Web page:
For example, in the USA, the number of people with a cholesterol level above 240 mg/dl in 2002 was around half the number in 1962. Figure 2 below shows cholesterol levels for all USA adults aged 20 to 74 years.
A similar trend can be seen in England, where cholesterol levels have reduced over a shorter period of time2. More importantly, this reduction in cholesterol is much more apparent in older age groups, the very people who are at greater risk for developing heart disease. But unfortunately, these reductions in cholesterol have not resulted in reductions in the rate of heart disease1.
The Role of Cholesterol within the Body
Far from being a deadly substance, cholesterol is a life creating and life supporting molecule. Cholesterol is needed by every single one of the body’s 70 to 100 trillion cells.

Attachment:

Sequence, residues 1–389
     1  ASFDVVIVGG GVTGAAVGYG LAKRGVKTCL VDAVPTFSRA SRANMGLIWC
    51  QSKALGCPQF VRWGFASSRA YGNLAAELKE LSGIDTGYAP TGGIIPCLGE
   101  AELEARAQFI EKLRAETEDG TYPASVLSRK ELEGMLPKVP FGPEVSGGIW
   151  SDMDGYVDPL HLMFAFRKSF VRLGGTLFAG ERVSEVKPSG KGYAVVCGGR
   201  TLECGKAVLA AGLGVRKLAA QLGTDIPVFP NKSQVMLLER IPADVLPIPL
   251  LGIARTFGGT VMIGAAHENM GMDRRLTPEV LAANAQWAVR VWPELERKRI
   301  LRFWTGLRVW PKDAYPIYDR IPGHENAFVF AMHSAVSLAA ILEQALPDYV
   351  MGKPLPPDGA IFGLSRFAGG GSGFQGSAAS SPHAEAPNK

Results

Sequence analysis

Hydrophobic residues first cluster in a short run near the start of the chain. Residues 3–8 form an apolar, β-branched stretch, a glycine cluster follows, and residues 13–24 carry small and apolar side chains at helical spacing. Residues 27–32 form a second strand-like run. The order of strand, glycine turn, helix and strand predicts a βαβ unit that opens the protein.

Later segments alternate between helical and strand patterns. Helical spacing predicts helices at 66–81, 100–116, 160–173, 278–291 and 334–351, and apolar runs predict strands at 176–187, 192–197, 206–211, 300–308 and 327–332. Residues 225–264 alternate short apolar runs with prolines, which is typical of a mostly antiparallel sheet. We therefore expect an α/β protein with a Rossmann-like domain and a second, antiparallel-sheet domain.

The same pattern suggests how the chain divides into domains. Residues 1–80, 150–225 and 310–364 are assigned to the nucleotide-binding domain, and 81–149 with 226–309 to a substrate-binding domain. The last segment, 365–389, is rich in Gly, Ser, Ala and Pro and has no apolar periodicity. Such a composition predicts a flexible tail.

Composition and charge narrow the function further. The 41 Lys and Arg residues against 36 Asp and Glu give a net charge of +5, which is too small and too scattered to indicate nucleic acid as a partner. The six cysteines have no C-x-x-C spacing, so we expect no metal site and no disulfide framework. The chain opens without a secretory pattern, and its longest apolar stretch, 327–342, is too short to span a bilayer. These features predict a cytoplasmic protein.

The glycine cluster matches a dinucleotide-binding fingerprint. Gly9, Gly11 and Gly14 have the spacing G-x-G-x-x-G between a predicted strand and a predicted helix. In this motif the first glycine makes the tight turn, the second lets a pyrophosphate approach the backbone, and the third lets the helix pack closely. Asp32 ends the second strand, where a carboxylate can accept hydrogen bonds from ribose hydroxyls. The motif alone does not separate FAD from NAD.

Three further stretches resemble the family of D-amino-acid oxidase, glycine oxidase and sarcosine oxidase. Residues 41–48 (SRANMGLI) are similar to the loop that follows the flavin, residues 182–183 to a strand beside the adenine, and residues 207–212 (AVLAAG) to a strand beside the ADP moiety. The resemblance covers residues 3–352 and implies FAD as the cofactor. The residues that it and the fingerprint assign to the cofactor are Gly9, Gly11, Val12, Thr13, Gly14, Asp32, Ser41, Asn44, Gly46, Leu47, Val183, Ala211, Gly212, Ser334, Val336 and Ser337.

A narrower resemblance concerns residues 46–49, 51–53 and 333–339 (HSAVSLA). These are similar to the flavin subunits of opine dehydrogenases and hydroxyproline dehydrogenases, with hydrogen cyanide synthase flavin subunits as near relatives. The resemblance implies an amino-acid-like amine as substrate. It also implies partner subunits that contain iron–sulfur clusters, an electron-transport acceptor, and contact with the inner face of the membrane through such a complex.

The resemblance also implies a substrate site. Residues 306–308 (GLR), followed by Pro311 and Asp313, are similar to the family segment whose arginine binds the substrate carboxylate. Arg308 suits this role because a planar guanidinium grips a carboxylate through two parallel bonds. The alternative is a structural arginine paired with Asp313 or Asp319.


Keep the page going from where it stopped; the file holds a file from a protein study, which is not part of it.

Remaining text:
Cholesterol, along with saturated fats, is vitally important for the structural integrity of all the cells that make up the body. Physicists have investigated what happens when cells do not contain enough cholesterol. The result is cells die quickly or do not function!
This means that every system within the body can be affected by a lack of cholesterol, since all of these systems are dependent upon healthy, living, properly functioning cells. Blood cells and nervous system cells are particularly vulnerable to damage caused by a lack of cholesterol.
A lack of cholesterol can cause white blood cells, needed for the immune system, to break down or stop functioning. This may explain why people with low cholesterol are more vulnerable to infection.